How to Avoid Losing Your AI-Assisted Patent

Robot at Chalk Board #AI, #IPGuy, #Patent, #Intellectualproperty, #Patentoffice

New patent guidelines have created a shadow inventor

On February 13, 2024, the United States Patent Office issued Guidelines on how it will analyze inventorship when AI is part of the inventive process. (Click here for a recent article I wrote about the new guidelines.) The Guidelines apply to utility, design, and plant patents and they are retroactive.

New Inventors have Emerged from the FogRobot at Chalk Board #AI, #IPGuy, #Patent, #Intellectualproperty, #Patentoffice

Overall, the Guidelines say that an inventor must contribute in some significant manner to the invention. This follows Court decisions, and in particular the Pannu case. The Federal Register provides a non-exhaustive list of five principles  to assist applicants and USPTO examiners in determining inventorship. Of these five, two are particularly interesting.

  • First, a natural person who only presents a problem to an AI system may not be a proper inventor, or joint inventor, of an invention identified from the output of the AI system. However, a significant contribution could be shown by the way the person constructs the prompt in view of a specific problem to elicit a particular solution from the AI system.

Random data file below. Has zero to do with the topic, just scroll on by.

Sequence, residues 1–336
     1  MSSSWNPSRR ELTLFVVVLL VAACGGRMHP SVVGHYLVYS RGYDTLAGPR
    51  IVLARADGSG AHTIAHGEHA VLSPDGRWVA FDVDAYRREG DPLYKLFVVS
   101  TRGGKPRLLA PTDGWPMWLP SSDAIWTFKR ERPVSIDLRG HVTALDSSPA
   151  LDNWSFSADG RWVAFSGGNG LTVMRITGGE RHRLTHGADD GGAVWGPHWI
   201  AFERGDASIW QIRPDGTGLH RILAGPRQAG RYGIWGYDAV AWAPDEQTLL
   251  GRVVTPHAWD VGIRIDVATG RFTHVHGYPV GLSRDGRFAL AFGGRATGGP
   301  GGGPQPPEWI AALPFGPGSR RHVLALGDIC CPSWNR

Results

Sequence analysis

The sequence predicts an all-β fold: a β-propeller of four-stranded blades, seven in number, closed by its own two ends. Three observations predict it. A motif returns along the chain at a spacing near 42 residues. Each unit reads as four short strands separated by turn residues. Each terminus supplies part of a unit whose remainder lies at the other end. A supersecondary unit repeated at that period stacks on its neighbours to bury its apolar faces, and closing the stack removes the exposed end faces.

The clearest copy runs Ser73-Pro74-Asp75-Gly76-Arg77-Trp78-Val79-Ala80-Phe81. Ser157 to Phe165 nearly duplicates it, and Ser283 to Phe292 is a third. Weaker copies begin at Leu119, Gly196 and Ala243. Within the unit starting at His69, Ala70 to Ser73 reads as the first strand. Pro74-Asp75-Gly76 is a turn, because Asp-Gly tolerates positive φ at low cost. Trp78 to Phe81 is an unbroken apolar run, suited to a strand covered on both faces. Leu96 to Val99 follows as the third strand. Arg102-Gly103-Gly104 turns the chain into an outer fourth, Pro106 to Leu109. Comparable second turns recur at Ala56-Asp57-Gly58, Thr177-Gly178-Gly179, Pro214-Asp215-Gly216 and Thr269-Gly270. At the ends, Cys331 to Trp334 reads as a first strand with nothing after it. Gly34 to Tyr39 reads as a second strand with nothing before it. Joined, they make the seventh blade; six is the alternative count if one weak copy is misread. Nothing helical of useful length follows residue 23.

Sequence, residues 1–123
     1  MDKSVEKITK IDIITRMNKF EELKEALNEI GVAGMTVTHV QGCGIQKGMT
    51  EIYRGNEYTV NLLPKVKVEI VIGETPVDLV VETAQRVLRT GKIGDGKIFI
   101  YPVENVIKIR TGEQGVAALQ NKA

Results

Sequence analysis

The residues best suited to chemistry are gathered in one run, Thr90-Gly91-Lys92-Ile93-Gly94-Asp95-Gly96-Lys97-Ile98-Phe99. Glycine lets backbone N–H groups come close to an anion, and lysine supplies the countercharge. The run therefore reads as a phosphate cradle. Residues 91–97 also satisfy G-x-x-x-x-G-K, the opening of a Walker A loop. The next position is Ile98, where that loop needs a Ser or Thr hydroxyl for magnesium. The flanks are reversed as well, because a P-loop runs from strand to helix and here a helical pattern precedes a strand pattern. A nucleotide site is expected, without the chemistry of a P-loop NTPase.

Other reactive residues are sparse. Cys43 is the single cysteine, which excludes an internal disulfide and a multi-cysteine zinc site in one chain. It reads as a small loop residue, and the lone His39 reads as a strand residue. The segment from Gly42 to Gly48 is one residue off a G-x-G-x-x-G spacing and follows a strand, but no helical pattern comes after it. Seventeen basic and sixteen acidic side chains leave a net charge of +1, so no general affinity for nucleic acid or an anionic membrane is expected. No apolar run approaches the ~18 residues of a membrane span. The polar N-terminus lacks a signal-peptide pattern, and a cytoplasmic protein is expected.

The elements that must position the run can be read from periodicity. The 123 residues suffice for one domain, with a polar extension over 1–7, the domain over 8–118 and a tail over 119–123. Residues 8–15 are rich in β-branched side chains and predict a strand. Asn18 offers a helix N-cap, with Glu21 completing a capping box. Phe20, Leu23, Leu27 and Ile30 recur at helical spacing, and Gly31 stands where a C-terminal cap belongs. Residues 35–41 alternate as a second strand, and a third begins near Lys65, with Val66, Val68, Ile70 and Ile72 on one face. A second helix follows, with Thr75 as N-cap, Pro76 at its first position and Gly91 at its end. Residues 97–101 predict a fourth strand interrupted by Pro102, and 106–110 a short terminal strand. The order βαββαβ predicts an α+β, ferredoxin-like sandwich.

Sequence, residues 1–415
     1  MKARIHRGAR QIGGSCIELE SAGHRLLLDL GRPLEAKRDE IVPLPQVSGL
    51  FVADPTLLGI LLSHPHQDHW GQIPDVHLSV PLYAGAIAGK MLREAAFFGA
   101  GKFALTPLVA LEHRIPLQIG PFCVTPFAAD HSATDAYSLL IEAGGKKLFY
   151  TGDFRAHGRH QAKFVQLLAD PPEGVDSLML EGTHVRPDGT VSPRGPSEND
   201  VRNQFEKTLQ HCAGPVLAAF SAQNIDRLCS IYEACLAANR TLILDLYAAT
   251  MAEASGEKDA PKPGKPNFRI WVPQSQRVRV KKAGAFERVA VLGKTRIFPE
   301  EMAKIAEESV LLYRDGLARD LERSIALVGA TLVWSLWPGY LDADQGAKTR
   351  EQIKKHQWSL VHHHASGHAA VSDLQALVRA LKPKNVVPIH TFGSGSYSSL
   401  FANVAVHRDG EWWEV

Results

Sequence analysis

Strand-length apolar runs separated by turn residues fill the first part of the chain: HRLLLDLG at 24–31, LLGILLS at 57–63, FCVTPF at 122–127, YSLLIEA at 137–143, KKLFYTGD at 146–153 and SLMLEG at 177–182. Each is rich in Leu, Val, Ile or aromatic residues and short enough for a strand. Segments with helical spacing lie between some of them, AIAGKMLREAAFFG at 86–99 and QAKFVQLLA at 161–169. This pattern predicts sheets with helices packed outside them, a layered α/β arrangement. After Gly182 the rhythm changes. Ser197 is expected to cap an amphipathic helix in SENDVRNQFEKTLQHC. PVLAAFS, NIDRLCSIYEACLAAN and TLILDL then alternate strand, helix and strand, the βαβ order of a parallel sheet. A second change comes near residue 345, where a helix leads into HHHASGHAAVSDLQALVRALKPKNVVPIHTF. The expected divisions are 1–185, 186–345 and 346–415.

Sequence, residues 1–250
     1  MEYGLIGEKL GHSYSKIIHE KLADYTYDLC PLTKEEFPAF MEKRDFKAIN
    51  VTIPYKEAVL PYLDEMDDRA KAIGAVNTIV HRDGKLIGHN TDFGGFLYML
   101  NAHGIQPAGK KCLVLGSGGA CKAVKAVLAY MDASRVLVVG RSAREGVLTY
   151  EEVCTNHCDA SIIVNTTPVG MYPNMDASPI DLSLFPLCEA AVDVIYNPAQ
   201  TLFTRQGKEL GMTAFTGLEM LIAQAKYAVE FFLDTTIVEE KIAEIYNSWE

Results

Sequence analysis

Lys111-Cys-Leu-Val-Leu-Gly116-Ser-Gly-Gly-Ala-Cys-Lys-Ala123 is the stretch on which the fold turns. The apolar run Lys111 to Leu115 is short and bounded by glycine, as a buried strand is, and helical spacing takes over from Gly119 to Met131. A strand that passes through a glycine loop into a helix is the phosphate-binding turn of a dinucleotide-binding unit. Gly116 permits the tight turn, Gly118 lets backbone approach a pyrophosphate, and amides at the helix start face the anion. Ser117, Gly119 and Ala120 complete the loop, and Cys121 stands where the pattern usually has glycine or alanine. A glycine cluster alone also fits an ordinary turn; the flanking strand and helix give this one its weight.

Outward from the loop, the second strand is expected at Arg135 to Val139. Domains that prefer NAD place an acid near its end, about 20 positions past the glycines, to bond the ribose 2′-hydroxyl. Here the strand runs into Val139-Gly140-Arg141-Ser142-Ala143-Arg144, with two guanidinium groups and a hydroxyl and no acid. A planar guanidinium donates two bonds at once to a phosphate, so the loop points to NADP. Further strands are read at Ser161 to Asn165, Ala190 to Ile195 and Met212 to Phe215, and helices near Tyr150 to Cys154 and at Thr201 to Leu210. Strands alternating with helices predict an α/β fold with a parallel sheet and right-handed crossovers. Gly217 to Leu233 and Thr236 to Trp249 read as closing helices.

• Second, in some situations, the natural person(s) who designs, builds, or trains an AI system in view of a specific problem to elicit a particular solution could be an inventor, where it’s a significant contribution to the invention created with the AI system.

This broadens the potential for who can be named as an inventor. It also creates the potential need to get assignments from those involved in creating prompts, training, designing, and building AI systems. Since the Guidelines are retroactive, this may create issues for existing patents.